Coleridge rings insistently in my head as I prowl round the garden in the icy dark. ‘Whether the eave-drops fall, heard only in the trances of the blast, or if the secret ministry of frost shall hang them up in silent icicles ……..’ Which side of zero is it tonight? Will the white hand release its grip and give us back green and the balm of living things?
I listen, straining to hear – not that there is a blast to drown the sound of drops. On the contrary, ‘trance’ is the very word for the suspended animation of the invisible garden. Yes: there is a sound: a timid tinkling of water on the move, in a downpipe, into a drain. I wait, to be sure, seeing nothing. In clear daylight all life, all movement was locked. Has the wind changed? There are no stars; the pressure from the east must be deflating and letting a gentle front of mildness steal in, not seen but very faintly heard.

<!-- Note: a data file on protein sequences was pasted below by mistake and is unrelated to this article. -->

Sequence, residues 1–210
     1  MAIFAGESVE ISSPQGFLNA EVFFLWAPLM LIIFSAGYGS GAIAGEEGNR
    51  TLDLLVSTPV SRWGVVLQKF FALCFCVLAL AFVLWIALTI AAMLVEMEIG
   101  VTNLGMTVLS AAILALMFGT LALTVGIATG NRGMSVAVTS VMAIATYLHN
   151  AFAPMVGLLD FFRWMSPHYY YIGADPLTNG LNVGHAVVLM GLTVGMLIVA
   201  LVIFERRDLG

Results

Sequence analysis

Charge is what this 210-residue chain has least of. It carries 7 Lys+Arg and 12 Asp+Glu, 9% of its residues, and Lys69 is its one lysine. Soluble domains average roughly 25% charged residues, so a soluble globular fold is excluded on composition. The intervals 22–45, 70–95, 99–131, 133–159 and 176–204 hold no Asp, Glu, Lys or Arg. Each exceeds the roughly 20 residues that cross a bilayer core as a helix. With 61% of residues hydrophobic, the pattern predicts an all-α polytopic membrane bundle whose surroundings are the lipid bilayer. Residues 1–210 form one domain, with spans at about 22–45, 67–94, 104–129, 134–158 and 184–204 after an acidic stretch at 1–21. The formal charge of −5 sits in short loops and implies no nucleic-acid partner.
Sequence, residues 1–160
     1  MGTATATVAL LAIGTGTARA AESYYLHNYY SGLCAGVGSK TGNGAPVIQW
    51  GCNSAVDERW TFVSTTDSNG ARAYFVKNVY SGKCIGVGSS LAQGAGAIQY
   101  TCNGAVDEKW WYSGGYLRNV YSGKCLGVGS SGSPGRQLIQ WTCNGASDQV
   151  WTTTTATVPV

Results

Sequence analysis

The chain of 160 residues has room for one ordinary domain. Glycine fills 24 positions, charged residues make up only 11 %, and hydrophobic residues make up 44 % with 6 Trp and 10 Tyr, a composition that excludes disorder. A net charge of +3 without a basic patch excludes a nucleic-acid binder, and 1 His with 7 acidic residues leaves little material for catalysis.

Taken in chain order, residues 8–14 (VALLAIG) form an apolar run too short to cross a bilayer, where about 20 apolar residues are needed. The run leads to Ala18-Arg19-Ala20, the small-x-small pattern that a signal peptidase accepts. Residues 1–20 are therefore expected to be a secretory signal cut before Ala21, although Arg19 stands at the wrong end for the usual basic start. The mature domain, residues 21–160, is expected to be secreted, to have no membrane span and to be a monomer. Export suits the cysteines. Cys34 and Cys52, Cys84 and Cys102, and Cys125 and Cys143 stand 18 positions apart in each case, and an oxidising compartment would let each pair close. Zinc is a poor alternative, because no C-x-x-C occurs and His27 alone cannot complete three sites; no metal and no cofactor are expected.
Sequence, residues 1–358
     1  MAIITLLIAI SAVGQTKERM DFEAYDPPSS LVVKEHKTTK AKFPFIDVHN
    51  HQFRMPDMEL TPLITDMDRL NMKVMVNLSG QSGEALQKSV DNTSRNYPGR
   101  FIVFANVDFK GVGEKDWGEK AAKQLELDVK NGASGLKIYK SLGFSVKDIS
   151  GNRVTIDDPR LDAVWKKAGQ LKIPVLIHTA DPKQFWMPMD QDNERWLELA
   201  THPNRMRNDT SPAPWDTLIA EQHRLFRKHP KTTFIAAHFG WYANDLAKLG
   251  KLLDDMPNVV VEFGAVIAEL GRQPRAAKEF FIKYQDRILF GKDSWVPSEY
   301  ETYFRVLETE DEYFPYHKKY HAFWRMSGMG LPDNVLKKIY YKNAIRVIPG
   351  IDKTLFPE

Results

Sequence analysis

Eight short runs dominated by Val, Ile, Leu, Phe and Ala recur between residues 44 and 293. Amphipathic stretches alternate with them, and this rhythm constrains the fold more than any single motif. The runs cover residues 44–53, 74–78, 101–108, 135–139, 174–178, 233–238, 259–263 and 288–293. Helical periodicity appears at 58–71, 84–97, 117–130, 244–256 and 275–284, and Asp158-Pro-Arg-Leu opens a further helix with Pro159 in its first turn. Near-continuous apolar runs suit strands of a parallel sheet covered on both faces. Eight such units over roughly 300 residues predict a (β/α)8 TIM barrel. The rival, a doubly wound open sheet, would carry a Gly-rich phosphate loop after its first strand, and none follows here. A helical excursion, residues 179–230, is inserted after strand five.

Coleridge will not go away. ‘ Therefore all seasons shall be sweet to thee ……’ But I still prefer spring to winter